Today I bought a tube of red Revlon lipstick.
It was guaranteed to last longer on the lips than the actual lipstick would.
I put some on my lips even though I wasn’t going anywhere for tonight and I wouldn’t be seeing anyone else until morning, at which point the lipstick would have been rubbed off by Kleenex and my lips preserved in chapstick.
Yet I saw that tube of lipstick as not just a tube of Ruby Red; I saw it as a red flag, as a red siren on an ambulance, a red Stop sign imploring me to not go any further.
It was dangerous for me to wear red lipstick.
But it’s just some stupid lipstick, you might say. And yes, I agree with you, it is only a blending of chemicals and pigment designed to make the lips take on an unnatural shade of red. It is just make-up. But it is the effects of the make-up that worry me.
As a girl who seldom wears eyeliner, mascara, blush, or even lipstick, I am used to random passersby ignoring me on the street, pretending I don’t exist in my ordinary shirts and boring jeans. I don’t usually dress to impress. That is not my job; I am just a college student, not an advertisement for a pretty face or a physical object to be admired.
However, recently I began to rethink my whole notion of appearances and looking one’s best. True, I shouldn’t go around wiggling my boobs for strangers or wearing Daisy Dukes to show off my thigh flab or a butt cheek “accidentally”. But I also shouldn’t have to hide under baggy sweatshirts, no matter how bad I think that look that day. Why? Because I only come with one body and I might as well be darn proud of it.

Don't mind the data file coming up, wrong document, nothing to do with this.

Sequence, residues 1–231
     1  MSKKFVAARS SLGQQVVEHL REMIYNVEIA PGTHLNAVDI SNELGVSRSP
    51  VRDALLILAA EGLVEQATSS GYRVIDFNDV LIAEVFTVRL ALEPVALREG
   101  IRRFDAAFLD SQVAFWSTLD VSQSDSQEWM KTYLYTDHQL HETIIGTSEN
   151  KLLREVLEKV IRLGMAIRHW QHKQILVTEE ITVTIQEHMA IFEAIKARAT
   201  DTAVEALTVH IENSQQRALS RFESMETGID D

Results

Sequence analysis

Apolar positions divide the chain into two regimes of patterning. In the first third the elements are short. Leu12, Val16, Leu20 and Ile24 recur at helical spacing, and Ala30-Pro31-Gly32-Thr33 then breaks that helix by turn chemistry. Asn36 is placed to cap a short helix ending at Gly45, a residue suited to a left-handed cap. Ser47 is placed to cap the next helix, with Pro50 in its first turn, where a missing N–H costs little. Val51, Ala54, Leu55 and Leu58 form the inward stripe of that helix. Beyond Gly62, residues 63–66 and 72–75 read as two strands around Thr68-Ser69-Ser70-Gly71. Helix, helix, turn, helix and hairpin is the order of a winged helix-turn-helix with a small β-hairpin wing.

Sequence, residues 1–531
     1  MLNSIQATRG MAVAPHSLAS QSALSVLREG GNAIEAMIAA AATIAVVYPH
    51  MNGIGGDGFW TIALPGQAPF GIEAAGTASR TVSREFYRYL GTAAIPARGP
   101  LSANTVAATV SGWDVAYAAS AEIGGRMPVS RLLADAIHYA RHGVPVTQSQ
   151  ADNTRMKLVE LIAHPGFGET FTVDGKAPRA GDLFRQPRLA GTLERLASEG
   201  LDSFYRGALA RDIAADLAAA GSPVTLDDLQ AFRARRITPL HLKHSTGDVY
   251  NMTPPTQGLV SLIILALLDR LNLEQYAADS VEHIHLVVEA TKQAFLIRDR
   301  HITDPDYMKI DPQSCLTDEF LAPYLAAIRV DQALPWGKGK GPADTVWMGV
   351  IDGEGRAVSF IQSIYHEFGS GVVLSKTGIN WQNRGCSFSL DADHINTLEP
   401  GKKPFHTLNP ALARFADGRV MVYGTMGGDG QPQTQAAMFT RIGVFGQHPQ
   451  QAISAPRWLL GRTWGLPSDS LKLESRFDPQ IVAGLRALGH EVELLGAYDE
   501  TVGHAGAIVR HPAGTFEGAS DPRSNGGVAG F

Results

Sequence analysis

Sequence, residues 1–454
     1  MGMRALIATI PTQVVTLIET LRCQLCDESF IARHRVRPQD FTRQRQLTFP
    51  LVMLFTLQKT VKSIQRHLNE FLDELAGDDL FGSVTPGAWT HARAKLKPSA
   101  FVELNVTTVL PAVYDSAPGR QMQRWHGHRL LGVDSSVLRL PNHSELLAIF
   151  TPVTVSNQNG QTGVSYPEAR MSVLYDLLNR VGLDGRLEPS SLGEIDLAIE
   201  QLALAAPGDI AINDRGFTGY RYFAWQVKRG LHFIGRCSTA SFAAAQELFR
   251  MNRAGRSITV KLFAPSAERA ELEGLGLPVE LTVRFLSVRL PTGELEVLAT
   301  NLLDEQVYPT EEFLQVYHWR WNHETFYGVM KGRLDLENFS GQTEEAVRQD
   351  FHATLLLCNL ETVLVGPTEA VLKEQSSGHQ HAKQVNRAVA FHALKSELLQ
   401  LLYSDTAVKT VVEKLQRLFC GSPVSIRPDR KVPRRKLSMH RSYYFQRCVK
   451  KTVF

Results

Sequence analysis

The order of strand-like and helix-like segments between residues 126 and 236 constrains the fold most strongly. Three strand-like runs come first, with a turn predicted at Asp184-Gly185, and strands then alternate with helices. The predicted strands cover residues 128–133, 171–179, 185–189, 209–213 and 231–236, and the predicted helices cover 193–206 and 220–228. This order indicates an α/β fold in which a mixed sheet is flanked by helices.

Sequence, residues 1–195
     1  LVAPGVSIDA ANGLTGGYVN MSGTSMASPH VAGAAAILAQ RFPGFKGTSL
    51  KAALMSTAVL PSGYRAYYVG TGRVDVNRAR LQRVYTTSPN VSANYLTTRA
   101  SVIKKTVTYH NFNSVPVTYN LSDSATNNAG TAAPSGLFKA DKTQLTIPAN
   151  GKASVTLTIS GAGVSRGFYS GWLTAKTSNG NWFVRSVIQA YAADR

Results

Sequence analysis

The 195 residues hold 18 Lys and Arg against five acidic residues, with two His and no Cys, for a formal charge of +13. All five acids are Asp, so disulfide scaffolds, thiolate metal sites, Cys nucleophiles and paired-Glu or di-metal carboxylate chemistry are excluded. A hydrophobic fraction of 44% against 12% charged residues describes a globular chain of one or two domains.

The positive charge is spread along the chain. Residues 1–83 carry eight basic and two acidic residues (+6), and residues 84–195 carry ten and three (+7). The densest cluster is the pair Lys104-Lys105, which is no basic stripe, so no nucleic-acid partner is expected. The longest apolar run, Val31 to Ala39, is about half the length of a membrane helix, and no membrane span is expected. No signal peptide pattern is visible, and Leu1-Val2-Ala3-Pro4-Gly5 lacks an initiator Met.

Instead of wearing sweatshirts as was my style before, now I wear more dressed-up blouses paired with tighter jeans and boots or comfortable flats. I am not advertising my body by doing so; I have simply come to realize that my body is pretty fantastic, and therefore I should be proud of it and show off its best features without being vulgar, unacceptable, or desperate for attention. I am merely acknowledging that I am appreciative of who I am on the outside, and that who I am inside is fantastic, too.
So, why is it dangerous to wear red lipstick?
Let me just say that this revelation of confidence in my own body is still relatively new for me. I am still learning how to be kind to myself and how to appreciate myself for what I look like. I am also still quite used to strangers ignoring me, as they continue to do so even with my new wardrobe and with the recent addition of occasional light makeup. Wearing red lipstick would clearly draw attention to my face, and call particular attention to my lips. I am still learning to come out of my shell, but I would need to be able to look the world squarely in the eye before I feel comfortable with strangers being drawn to the sight of my lips. That is still a new thing for me, as naive as it sounds.
For now, I have taken the first step by buying the Revlon Ruby Red. I have applied it to my face and have timidly peered at myself in the mirror. I don’t look half-bad in it.
Tomorrow, I resolve to face the world wearing this minor addition to my appearance. I may not be able to look it square in the eye just yet, but I am proud of myself that I have come this far to let the world look me in the eye–and the mouth–for a change.